The family of a Maryland boy with a severe gluten allergy is suing a restaurant after they wouldn’t allow him to eat a meal he brought with him on a class trip inside.
The school traveled to Colonial Williamsburg of Virginia, a historic museum, and the boy, identified in court papers only as J.D., stopped for a prepaid dinner at Shields Tavern, which is part of the museum, as part of the trip.
J.D.’s father, who was a chaperone on the trip, informed the restaurant that the 11-year-old had brought his own meal, a chicken sandwich, with him because of his allergy, according to the lawsuit. The restaurant manager then informed the family that J.D. could not eat his food inside with his classmates because it was a health code violation, the lawsuit states.
To be able to eat, he would have to leave the establishment, the manager said, according to the family’s attorney. The tavern’s chef did offer to make a gluten-free meal for J.D., but due to having severe allergic reactions to allegedly gluten-free meals offered by restaurants in the past, the family declined.
“J.D. had started to cry. They were escorted out,” the family’s attorney, Mary Vargas, told InsideEdition.com. “He sat out back with his dad crying while his classmates were inside. He was never refunded the money he paid to be in the room.”
The family is now suing the restaurant, citing that it violated the American Disabilities Act.
“Refusing to allow him to eat a safe meal is a violation of federal state law,” Vargas said. “There’s a schedule when you’re on a field trip. To eat at a different time, he would have had to miss other activities.”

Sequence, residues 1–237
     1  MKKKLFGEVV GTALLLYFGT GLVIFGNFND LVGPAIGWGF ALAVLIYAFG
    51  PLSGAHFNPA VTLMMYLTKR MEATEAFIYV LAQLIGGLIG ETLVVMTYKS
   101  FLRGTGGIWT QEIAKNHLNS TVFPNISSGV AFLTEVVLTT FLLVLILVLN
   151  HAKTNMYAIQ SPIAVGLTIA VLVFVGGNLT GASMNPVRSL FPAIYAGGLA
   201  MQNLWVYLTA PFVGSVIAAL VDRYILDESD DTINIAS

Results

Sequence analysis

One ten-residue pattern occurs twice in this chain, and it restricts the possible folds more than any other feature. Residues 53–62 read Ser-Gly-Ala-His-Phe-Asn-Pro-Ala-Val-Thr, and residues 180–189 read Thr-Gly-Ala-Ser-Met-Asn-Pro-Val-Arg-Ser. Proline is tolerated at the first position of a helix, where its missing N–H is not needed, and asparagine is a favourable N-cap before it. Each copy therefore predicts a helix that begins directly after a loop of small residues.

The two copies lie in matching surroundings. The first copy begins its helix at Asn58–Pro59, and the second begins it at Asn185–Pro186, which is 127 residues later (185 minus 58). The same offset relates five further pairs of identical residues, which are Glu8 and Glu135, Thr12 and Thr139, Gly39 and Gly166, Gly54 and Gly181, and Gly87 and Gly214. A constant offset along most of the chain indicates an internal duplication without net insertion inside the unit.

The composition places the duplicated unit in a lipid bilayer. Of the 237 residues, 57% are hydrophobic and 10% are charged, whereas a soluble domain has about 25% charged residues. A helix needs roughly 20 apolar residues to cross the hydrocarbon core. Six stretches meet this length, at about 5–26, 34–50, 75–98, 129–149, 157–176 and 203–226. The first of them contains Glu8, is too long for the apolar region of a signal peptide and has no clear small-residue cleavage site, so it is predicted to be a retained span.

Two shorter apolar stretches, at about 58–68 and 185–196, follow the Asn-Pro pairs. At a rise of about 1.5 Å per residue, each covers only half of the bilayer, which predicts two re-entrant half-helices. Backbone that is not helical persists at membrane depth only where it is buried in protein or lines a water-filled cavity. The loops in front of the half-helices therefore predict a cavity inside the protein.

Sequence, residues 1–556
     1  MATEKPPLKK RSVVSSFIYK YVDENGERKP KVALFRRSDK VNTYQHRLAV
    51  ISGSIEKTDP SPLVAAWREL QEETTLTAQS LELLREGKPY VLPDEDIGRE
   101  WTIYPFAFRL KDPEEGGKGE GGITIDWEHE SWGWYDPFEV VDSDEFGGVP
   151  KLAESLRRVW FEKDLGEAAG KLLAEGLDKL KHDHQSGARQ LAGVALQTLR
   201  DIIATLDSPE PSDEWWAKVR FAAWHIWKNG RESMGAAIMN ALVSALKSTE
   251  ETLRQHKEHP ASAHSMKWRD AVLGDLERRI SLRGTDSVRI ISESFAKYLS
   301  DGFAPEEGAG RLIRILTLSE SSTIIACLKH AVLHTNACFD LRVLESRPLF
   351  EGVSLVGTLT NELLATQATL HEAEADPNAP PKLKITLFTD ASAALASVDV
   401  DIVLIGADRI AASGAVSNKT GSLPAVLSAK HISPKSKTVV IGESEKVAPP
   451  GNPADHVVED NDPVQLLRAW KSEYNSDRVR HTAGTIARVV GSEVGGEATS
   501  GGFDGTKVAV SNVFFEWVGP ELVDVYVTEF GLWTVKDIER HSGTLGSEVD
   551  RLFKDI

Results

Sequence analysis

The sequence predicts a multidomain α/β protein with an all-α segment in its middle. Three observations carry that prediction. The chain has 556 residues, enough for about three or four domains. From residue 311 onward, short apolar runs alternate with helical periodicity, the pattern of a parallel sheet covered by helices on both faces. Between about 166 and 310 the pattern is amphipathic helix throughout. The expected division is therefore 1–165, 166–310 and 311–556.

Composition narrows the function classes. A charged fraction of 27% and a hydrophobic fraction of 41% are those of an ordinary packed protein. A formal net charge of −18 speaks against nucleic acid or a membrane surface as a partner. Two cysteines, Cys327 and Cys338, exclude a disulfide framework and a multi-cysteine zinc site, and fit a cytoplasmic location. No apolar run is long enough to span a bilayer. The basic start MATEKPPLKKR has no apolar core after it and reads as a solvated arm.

J.D.’s doctor also testified in court that it is “medically necessary” for him to be on a gluten-free diet.
The case was initially dismissed in district court in Virginia but the Fourth Circuit Court of Appeals ruled the case should go to trial.
The Colonial Williamsburg Foundation said it was “disappointed” by the court’s decision to take the case to trial.
“We have a long and successful track record of preparing gluten-free meals for our guests and believe doing so is a reasonable accommodation, as noted by the dissenting judge,” a spokesperson for the Colonial Williamsburg Foundation said in statement to Fox News. “We are analyzing the decision and considering our options.”
Vargas said the case is very important for many who suffer from celiac disease or food allergies.
“So much of what’s really important happens around the table, culturally socially, and educationally,” the attorney said. “If someone can be excluded from those gatherings because they can’t eat the food, they could miss out. They’re at a disadvantage.
"It’s basic decency, kindness and compassion.”